Plaster of Paris

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Roman bowl
MFA# 81.192


A fine white powder composed a calcium sulfate hemihydrate. Plaster of Paris obtained its named because it was primarily prepared from Gypsum quarried in the Montmartre district of Paris. Gypsum, calcium sulfate dihydrate, is roasted or calcined at temperatures below 250C to drive off some of the water of crystallization. Calcium sulfate hemihydrate is stable in air, but readily combines with water to form a paste that rapidly sets to an impenetrable solid. It generates heat with setting and may expand slightly. Setting can be accelerated by the addition of small amounts of salts (Aluminum sulfate, Potassium sulfate) or retarded by the addition of organic materials (Blood, Glue, Casein). Plaster of Paris has long been used for molds, sculpture, and casts.

Synonyms and Related Terms

calcium sulfate hemihydrate; bassanite; calcined gypsum; calcined plaster; burnt gypsum; partially dehydrated gypsum; plaster; escayola (Esp.); plâtre de Paris (Fr.); Plaster of Paris, Stuckgips (Deut.)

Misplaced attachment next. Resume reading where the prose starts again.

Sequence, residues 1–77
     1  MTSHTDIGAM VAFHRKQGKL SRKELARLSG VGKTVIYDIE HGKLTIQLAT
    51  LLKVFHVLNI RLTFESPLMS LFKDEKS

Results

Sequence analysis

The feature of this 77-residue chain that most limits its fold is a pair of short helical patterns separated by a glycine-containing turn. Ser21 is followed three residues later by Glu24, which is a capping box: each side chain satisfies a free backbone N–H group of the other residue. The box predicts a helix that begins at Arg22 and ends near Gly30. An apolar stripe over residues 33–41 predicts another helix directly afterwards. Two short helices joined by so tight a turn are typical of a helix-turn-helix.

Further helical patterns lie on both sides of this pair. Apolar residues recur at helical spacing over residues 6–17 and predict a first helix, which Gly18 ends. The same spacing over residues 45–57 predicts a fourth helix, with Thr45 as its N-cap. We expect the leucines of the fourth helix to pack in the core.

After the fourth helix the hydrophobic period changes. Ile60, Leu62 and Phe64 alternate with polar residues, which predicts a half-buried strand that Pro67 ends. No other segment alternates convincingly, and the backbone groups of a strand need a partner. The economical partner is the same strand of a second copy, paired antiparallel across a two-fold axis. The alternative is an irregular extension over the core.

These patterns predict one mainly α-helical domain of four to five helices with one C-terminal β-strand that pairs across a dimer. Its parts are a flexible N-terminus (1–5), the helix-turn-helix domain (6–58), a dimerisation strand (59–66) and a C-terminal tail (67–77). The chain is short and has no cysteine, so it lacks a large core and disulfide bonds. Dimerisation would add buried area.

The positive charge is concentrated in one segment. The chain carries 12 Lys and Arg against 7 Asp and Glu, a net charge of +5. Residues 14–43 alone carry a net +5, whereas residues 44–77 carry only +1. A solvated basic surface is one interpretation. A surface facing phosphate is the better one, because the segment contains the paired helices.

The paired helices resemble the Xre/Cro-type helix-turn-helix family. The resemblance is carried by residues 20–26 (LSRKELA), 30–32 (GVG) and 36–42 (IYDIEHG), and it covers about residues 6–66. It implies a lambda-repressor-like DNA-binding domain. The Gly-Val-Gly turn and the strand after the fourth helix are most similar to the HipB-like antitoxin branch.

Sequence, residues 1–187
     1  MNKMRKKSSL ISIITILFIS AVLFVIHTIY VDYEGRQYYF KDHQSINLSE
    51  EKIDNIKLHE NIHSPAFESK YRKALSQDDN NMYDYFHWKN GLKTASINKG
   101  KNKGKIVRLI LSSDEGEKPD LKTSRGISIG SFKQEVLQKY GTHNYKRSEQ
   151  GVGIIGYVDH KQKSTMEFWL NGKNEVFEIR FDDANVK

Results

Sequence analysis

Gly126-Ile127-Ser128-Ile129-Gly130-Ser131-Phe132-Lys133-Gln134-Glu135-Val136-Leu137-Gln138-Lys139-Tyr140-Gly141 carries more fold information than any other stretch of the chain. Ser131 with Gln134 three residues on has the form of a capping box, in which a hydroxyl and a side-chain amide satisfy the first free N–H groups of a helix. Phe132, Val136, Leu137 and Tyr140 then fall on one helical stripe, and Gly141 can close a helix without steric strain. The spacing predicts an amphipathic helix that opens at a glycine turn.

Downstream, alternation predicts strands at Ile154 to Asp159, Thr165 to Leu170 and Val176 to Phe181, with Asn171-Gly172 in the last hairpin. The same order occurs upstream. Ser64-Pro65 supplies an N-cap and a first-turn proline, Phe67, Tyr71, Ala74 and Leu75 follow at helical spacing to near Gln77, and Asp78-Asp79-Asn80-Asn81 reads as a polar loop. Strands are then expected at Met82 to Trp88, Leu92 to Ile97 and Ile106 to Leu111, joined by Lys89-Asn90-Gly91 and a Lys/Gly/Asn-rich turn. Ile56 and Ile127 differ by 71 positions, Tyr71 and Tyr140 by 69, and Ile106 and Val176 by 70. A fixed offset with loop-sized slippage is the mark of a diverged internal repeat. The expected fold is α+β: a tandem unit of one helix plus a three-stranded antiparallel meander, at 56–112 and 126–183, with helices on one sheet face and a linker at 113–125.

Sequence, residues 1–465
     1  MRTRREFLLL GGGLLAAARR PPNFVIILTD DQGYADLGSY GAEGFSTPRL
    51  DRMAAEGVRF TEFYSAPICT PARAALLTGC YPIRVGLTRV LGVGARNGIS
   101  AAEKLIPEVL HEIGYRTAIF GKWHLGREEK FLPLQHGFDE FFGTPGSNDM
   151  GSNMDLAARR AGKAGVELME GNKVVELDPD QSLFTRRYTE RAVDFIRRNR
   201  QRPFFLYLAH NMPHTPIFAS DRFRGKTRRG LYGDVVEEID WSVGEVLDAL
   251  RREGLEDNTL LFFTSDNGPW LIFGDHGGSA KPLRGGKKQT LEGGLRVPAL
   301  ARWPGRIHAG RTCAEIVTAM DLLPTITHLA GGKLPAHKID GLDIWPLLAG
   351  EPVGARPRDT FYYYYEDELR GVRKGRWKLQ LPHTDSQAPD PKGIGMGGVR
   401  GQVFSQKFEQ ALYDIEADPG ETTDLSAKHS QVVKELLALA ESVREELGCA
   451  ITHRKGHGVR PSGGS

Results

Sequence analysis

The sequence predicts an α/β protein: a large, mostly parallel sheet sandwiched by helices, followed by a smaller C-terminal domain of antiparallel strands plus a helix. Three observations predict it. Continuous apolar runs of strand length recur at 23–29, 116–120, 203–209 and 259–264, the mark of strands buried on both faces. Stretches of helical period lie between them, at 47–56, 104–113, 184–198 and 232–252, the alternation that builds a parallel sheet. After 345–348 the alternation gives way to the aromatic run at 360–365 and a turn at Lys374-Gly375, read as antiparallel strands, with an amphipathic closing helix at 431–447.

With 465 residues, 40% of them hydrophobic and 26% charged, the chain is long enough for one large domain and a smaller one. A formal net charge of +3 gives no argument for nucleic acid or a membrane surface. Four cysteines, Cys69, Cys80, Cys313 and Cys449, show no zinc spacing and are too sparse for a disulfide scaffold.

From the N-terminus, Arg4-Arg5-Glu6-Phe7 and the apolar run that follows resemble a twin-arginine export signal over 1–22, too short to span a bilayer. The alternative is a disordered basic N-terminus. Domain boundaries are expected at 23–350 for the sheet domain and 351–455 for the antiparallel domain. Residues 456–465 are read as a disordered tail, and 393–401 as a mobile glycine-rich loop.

• Ingestion may be harmful.
  • Anmol Chemicals: SDS

Resources and Citations

  • R. J. Gettens, G.L. Stout, Painting Materials, A Short Encyclopaedia, Dover Publications, New York, 1966
  • G.S.Brady, Materials Handbook, McGraw-Hill Book Co., New York, 1971 Comment: p. 386
  • Ralph Mayer, A Dictionary of Art Terms and Techniques, Harper and Row Publishers, New York, 1969 (also 1945 printing)
  • Susan E. Schur, Conservation Terminology: A review of Past & Current Nomenclature of Materials, Technology and Conservation, Spring (p.34-39); Summer (p.35-38); Fall (p.25-36), 1985
  • Dictionary of Building Preservation, Ward Bucher, ed., John Wiley & Sons, Inc., New York City, 1996
  • Marie Svoboda, Conservation Survey Index, unpublished, 1997

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